Forest made one appearance in THE RIFLEMAN, portraying Chaqua in "The Raid" (episode 37).  In addition to THE RIFLEMAN, he has guest-starred in many other popular westerns of the 1950s and 60s, including "Have Gun – Will Travel" (1957–1963), starring Richard Boone, "Bat Masterson" (1958–1961), starring Gene Barry, "Maverick" (1957–1962), starring James Garner, "Cheyenne" (1955–1963), starring Clint Walker, "Wagon Train" (1957–1965), starring Ward Bond and later John McIntire, "Gunsmoke" (1955–1975), starring James Arness, "The Virginian" (1962–1971), starring James Drury, and "Daniel Boone" (1964–1970), starring Fess Parker.  Forest also appeared in "Branded" (1965–1966), the Chuck Connors follow-on hit series after THE RIFLEMAN.

Robert Foulk as Toomey the Blacksmith
Robert Foulk as Toomey the Blacksmith

Robert Foulk was an American actor who made over 200 appearances in film and television in the 1950's through the 1970's.  He also worked as a dialogue coach in his early career.  He was frequently cast in Westerns, including "Last of the Badmen" (1957), "The Tall Stranger" (1957), "The Left-Handed Gun" (1958), and "Cast a Long Shadow" (1958).   He played the recurring role of the Bartender in Joel McCrea's "Witchita Man" (1959) and the next door neighbor in "Father Knows Best" (1955-1959).  Foulk made five appearances in THE RIFLEMAN, portraying Toomey the Blacksmith in "The Second Witness" (episode 23), "Three Legged Terror" (episode 30) and "Outlaw's Inheritance" (episode 38).  He played two different characters, Johannson in "The Raid" (episode 37) and Herbert Newman in "The Lost Treasure of Canyon Town" (episode 99).

Mark Goddard as Walt
Mark Goddard as Walt in The Raid

Mark Goddard is an American film actor whose career began in 1959, when he was signed to appear in the CBS Four Star Television series "Johnny Ringo."  Born Charles Goddard, he changed his name to Mark at the suggestion of friend Chuck Connors.  Distinctive for his rugged good looks, he appeared in numerous television series over the next four decades, but especially in the 1960's and 70's.  Goddard made two appearances in THE RIFLEMAN, portraying Walt in "The Raid" and Marty Blair in "Mark's Rifle" (episode 150).  In a television series that aired for three years (1958-1961), Goddard played the role of Detective Chris Ballard in "The Detectives Starring Robert Taylor."  He is best-known for his role as Major Don West, long-suffering space partner and intemperate foil to the wily and conniving, but cowardly, Dr. Zachary Smith (Jonathan Harris), in the hit 1960's cult television series, "Lost in Space."   He made a cameo appearance in the 1998 movie "Lost in Space," playing a superior officer to his former character, Major Don West.  In 2009 Goddard published his autobiography, To Space and Back.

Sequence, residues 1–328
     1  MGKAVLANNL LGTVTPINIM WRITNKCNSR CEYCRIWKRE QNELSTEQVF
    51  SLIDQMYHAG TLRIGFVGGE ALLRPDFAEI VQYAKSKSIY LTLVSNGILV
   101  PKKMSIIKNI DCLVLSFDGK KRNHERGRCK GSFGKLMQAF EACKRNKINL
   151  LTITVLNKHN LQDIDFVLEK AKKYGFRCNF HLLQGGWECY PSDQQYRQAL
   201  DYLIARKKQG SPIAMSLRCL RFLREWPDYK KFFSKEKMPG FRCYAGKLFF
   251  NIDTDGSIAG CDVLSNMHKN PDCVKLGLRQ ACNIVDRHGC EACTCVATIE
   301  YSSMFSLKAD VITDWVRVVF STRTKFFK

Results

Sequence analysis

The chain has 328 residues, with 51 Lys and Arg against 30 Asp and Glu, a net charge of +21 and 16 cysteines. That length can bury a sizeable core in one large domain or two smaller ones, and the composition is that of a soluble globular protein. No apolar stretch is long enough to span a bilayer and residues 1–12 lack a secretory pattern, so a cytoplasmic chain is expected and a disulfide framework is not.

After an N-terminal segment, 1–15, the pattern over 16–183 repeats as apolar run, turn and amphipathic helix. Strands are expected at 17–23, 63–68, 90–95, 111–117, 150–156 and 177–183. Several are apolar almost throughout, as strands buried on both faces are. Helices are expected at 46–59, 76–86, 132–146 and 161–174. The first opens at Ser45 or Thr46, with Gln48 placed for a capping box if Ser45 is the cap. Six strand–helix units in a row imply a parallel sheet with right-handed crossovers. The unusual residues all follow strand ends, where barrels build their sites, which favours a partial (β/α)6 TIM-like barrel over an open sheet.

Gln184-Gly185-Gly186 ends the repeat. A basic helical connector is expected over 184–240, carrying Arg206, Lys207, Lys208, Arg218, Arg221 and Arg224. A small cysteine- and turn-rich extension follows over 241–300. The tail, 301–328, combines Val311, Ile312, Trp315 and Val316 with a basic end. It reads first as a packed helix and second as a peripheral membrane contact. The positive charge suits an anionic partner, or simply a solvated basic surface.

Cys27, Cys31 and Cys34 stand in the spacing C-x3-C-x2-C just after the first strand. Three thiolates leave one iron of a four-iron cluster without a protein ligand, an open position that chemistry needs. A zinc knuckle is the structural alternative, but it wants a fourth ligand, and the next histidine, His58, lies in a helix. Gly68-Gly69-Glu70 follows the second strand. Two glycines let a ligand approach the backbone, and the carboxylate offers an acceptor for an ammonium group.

Pat Hogan as Artak

Pat Hogan, born Thurman Lee Haas, was an American film and television actor, as well as a writer.  He appeared in 40 movies and television shows during his 15-year career.  Following his service in the Army, Hogan began acting in minor film roles.  His first major role was Chief Red Stick in "Davy Crockett, King of the Wild Frontier" (1955), and like most of his roles to follow, he was typecast playing Native Americans.  His other film roles include Jim Eagle in "Arrowhead" (1953), starring Charlton Heston, Mungo in "The Last Frontier" (1955), starring Victor Mature, Guy Madison and Robert Preston, and he portrayed Sutamakis in "Indian Paint" (1965), starring THE RIFLEMAN's Johnny Crawford.  In television, Hogan appeared mostly in westerns; although, he also guest-starred in the Disney productions "Zorro" (1957–1959), starring Guy Williams, and "Walt Disney's Wonderful World of Color" (1954–1990), in which he had a recurring role as Geronimo.  Hogan made one appearance in THE RIFLEMAN, portraying Artak in "The Raid" (episode 37).  He also guest-starred in the westerns "Gunsmoke" (1955–1975), starring James Arness, "Brave Eagle" (1955–1956), in which he had a recurring role as Black Cloud, "My Friend Flicka" (1955–1958), starring Frank Ferguson, "Tales of Wells Fargo" (1957–1962), starring Dale Robertson, and "Daniel Boone" (1964–1970), starring Fess Parker.  As a writer, Hogan wrote mainly for men's magazines, for which he received a complimentary letter from famed American author John Steinbeck.

Hope Summers as Hattie Denton, Owner of the General Store
Hope Summers as Hattie Denton, Owner of the Genera

Hope Summers was an American actress of the stage, radio, film and television.  Her acting career began in the 1930's, when she worked primarily in community and stock theater and radio.  Her career was most active in the 1950's and 1960's, when she appeared in numerous films and television shows.   Her film credits include "Zero Hour!" (1957), "Inherit the Wind" (1960), "Spencer's Mountain" (1963), "The Hallelujah Trail" (1965), "The Ghost and Mr. Chicken" (1966), "The Shakiest Gun in the West" (1968), "Rosemary's Baby" (1968), "Charley Varrick" (1973) and her last movie, "Foul Play" (1978).

Summers began working in television in the 1950's, guest-starring in a wide variety of genres, but especially Westerns.  Her television credits include "The Loretta Young Show" (1956–1959), "Maverick" (1957) and "Wagon Train" (1957), "Gunsmoke" (1958–1963), "Dennis the Menace" (1959), "Petticoat Junction" (1963) and "The Phyllis Diller Show" (1966).  She played numerous memorable recurring roles in many hit television series, including "Hawkins Falls: A Television Novel" (1950).  Her best-known role was Clara Edwards, Aunt Bee's gossipy neighbor, in "The Andy Griffith Show" (1960-1968) and its spin-off, "Mayberry R.F.D." (1968–1971).  Summers appeared in 16 episodes of THE RIFLEMAN as Hattie Denton, owner of the General Store.  Hattie was first introduced in "Eight Hours to Die" (episode 6).  Her last regular television role was playing Olive in "Another Day" (1978).


A renegade band of Indians kidnaps Mark McCain and disappears into the New Mexico hills.  Lucas, Micah, and the townspeople form a posse, but it remains for Lucas' good friend, U.S. Marshal Sam Buckhart, himself an Indian, to trail the renegade band and rescue the boy.